MICHIGAN CITY — In the eighth minute of what was already looking like a game that was going to sway in Lake Central’s favor, Michigan City had an opportunity at a counter attack.
Senior midfielder Blake Waltz took control of the ball just past midfield, and with a couple streaking defenders to the side of him, had a chance to give his team the early lead. A mis-hit ball directly toward an Indian defender and a 40-yard through ball followed, and all of a sudden, Lake Central was on a counterof its own.
An Indians forward controlled the ball, just one man to beat. He brought it forward and pulled it right back, fooling the Wolves’ defense, allowing for a clear shot at net.
Even though the game was only eight minutes underway, it was a matter of when, not if, Lake Central was going to get on the scoreboard.
Just before the first goal of a 7-0 Indians victory, a Michigan City fan barked, “Press! Press!” at the Wolves’ back line, and for good reason. Lake Central was dominating in possession from the opening kick, due in large part to a sagging Michigan City defense.
This style of play positioned the Wolves' defenders deep into their own territory, allowing the Indians easy access into their opponents’ side of the field. A plethora of scoring opportunities followed for Lake Central, with most of them coming with easy entries into the 18-yard box.
Michigan City’s defense was stout as soon as the Indians gained entry, limiting the amount of quality chances and shots on goal for the opposition.
But the Wolves’ sloppy, timid passing from the midfield-on ended offensive possessions quickly, giving Lake Central more opportunities down the field.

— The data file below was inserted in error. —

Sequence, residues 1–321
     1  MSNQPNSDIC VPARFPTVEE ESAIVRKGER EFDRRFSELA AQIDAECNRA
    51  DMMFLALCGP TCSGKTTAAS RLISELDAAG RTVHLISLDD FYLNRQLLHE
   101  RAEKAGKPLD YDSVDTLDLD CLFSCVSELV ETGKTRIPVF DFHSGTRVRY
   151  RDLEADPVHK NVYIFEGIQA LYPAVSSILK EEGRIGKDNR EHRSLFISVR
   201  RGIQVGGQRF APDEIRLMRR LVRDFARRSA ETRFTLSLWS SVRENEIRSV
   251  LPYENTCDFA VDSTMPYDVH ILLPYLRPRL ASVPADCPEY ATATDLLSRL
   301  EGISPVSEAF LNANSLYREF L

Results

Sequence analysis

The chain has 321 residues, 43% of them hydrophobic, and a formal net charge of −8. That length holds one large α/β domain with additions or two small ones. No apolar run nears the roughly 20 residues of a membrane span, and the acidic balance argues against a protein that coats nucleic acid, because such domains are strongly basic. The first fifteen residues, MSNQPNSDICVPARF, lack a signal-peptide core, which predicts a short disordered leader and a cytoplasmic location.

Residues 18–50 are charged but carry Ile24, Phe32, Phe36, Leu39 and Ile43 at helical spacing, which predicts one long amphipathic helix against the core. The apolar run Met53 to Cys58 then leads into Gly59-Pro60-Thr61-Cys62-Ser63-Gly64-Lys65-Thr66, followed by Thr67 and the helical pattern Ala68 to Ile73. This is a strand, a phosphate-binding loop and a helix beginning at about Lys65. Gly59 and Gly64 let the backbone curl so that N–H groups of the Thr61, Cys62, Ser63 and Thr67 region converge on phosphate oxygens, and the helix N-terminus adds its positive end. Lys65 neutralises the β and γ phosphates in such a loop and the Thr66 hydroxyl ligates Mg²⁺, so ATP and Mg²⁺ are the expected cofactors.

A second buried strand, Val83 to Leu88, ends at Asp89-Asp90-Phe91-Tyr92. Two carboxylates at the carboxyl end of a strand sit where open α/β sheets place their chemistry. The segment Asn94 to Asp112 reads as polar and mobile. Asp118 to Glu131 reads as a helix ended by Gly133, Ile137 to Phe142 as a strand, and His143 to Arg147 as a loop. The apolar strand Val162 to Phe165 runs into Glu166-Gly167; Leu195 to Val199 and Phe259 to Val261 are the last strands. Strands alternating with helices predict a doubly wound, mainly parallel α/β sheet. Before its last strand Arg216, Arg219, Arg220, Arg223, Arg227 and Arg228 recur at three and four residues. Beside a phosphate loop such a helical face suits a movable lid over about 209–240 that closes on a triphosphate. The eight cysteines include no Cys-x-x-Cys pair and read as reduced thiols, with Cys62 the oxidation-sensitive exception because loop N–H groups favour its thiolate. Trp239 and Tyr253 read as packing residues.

“Tonight we had guys kind of out of position,” said Michigan City head coach David Harris. “Some balls we wanted to get played deep got played short. We put ourselves on the counter a lot, so we’re kind of asking for it at times.”
Although Michigan City spent the majority of the contest backed up in its own end, the goal margin could have been far wider if not for some swarming defense in tight.
The Wolves’ back line got pressured all night long, but that didn’t stop senior Nathan Stevenson and his defense from doing as much as they could.
From diving in front of a shot and absorbing the ball with the torso, to temporarily standing in net to stop balls the goalie was not in position to save, City’s defense was doing everything in its power to keep the Wolves in the game, but to no avail.
“(Our defense is) aggressive in the box,” Harris said. “They want to get to the ball. Sometimes that makes them scramble, but (I thought the effort was good).”
With aggressive, attacking defense comes fouls, sometimes; and Michigan City committed three of them inside its own 18 in the second half, giving Lake Central three penalty kick opportunities. The Indians converted on all three to blow the match wide open, trouncing any hope the Wolves may have had.
Michigan City will try to right the ship Saturday, as it travels to Monroe to face John Glenn.